Violin Memory should serve to refresh investors’ own memories of the dangers of technology IPO froth. You know what that means — among the few gems going public, you have many more dogs that are pushed out ahead of time, unprofitable, and then plunge and create bad vibes all around.
Violin’s miserable post-IPO performance, in which it has lost 70% of its value since the IPO in late September, combined with executive defections and investor lawsuits, gives a glimpse of the dark side of the Silicon Valley/Wall St. tech-industrial complex, in which questionable deals are foisted upon the grandmas around the world.
This is an interesting development, given that Nimble Storage is going public this week. Now, sources all tell me that Nimble is a much better company with Violin — and it ceratainly has a better software. Nimble has actually been raising its price range.
But Violin’s terrible post-IPO performance isn’t exactly a positive for the flash sector. I think it says more about the irresponsibility that still exists in the machinery of taking technology companies public. Remember, my takeaway from the 1999-2000, which I survived covering dozens of IPOs for Red Herring, is that unprofitable tech companies should simply not go public.
Violin is a great case for that rule. Let’s take a look at the Violin chronology, shall we?
- Sept. 27th: Violin Memory (VMEM) goes public, at a price of $9 per share. It immediately plummets 17% out of the gate. Bad sign.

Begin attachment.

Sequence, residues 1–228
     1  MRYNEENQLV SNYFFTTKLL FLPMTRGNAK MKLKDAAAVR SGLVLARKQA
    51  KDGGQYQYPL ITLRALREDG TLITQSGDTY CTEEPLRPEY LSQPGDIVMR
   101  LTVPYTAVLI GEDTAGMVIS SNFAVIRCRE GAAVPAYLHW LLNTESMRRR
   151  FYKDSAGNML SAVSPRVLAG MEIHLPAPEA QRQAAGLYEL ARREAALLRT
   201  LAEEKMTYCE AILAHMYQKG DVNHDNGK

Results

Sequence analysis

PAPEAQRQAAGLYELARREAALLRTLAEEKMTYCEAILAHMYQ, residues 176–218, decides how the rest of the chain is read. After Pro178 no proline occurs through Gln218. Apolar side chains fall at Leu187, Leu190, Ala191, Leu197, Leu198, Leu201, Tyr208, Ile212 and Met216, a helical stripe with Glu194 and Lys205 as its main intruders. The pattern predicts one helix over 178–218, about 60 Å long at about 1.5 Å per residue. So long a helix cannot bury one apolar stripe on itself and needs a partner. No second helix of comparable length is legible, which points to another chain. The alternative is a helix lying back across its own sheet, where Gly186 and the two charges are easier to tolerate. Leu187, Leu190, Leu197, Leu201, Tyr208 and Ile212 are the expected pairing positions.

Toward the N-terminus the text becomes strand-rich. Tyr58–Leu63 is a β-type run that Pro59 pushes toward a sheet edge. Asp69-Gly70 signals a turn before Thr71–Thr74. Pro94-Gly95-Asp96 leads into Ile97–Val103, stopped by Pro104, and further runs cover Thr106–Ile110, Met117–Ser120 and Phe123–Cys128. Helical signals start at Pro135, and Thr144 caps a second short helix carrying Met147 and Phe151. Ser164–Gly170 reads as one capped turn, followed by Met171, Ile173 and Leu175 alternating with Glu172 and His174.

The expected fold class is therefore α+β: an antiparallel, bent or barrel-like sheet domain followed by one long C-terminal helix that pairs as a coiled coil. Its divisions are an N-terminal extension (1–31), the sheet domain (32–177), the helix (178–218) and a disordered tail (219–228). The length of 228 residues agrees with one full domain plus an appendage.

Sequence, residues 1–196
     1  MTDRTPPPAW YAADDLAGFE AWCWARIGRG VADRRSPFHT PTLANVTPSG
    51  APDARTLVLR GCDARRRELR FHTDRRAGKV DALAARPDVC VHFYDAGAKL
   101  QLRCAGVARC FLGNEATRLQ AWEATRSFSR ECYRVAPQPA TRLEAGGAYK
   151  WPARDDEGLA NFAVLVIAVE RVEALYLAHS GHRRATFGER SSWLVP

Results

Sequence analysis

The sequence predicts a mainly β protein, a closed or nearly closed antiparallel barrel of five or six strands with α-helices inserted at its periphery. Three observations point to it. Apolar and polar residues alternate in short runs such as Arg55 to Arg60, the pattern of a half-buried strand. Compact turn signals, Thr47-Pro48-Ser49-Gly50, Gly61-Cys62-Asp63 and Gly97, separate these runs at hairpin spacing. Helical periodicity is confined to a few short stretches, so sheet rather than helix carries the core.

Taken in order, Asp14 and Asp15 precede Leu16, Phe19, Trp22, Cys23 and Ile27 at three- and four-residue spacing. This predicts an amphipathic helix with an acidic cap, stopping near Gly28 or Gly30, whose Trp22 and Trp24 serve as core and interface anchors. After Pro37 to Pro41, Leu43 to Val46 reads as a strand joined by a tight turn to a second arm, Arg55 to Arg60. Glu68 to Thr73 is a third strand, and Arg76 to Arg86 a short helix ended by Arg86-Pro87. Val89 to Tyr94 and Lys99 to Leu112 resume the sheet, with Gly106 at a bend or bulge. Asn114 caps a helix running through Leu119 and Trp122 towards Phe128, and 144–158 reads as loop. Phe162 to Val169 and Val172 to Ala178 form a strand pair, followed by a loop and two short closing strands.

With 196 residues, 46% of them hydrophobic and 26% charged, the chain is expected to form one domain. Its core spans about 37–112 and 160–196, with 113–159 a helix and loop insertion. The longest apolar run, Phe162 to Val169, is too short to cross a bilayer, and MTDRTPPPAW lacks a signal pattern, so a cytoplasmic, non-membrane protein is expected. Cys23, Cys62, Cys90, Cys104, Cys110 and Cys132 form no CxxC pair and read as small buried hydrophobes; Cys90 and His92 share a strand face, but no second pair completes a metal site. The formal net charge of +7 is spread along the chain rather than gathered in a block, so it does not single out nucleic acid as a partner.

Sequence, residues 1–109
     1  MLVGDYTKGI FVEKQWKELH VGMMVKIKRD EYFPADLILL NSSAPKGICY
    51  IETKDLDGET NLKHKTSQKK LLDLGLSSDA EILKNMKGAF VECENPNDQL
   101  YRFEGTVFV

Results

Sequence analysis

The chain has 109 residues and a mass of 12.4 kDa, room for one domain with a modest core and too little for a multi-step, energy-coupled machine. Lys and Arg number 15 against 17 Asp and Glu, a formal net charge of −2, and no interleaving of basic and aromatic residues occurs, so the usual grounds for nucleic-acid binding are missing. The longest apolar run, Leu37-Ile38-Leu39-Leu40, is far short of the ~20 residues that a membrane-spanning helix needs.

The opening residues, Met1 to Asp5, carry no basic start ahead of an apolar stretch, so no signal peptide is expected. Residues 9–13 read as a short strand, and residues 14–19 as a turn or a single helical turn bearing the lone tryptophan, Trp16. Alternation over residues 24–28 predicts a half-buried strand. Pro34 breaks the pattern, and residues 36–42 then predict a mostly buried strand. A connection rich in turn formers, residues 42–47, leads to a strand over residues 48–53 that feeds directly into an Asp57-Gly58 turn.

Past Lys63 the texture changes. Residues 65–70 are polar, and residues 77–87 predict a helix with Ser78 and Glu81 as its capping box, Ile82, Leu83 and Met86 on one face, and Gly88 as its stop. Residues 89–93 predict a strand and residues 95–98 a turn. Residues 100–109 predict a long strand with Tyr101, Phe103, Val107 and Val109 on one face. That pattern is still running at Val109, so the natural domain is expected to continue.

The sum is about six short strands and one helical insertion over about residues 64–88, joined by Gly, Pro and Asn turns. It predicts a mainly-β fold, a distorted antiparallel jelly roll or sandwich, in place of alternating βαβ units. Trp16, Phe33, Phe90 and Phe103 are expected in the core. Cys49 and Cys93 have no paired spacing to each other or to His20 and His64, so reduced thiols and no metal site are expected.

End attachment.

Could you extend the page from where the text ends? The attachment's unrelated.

- Nov. 21: In its first report after its IPO, the company announces a .85 per share loss, twice the analyst estimates. Share open down 50%. Oops. AllThingsD points out that after this dismal report, the company’s market cap is $491 million, half its last private-market venture-capital valuation of $850 million. Amazing point.
- Nov. 22. JP Morgan, a lead underwriter of the Violin Memory IPO, downgrades the stock and lowers its price target to $4.50 from $6. Are you kidding me? The investment bank to pumped the company for an IPO at $9 now has a price target that is 50% lower, only three months later? This was disgraceful.
- Dec. 11: Business Insider gets the scoop that Jonathan Goldrick, Violin’s CTO, has left the company. The story says that CEO Don Basile’s job may also be on the rocks.
- Now: Violin is trading at $2.79, 70% below it’s IPO price — just three months ago. Since the the disastrous Nov. 21 earnings tatement, what have we heard from the company? De Nada. They’ve said absolutely nothing. I’ve put a call in this morning let’s see what they say.
This collapse is absolutely pathetic, given how fast it came just after the IPO. It makes the IPO look like a giant money-grab, especially since the company went public without being profitable.
This deal is going to tarnish the flash memory sector — and those involved in this particular deal — for a while. Although flash technology is certainly promising, it is a low-margin (or negative margin) hardware business for now, a fact that Violin has confirmed.
Investors are going to be a lot more circumspect about flash deals going forward. It will be interesting to see how Nimble’s IPO performs this week (expected Friday) and whether investors perceive Violin’s collapse as company specific. So far, it looks like they will.